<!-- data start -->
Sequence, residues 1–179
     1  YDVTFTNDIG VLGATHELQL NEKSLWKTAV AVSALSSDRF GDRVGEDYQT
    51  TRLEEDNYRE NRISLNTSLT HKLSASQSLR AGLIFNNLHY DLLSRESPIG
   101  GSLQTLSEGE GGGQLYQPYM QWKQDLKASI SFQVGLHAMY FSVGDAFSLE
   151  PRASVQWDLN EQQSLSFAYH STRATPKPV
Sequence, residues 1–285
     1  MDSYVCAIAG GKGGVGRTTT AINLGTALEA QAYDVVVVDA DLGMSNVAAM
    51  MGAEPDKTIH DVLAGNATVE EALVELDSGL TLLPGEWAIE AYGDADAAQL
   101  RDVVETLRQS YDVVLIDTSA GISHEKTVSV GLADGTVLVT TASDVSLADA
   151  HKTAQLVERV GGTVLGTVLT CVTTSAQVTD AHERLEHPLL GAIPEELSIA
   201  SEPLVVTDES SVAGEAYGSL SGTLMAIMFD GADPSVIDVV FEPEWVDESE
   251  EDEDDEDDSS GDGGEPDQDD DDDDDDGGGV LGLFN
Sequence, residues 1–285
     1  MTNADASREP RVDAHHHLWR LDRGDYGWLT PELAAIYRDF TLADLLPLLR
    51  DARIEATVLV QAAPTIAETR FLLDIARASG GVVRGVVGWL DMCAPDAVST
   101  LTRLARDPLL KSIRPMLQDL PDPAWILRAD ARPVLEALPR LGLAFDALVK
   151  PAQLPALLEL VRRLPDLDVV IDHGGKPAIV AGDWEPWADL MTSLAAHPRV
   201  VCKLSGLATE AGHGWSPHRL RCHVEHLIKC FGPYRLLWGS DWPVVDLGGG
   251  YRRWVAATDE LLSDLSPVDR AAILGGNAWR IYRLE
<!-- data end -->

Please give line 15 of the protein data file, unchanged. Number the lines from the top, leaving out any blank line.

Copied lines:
    51  DARIEATVLV QAAPTIAETR FLLDIARASG GVVRGVVGWL DMCAPDAVST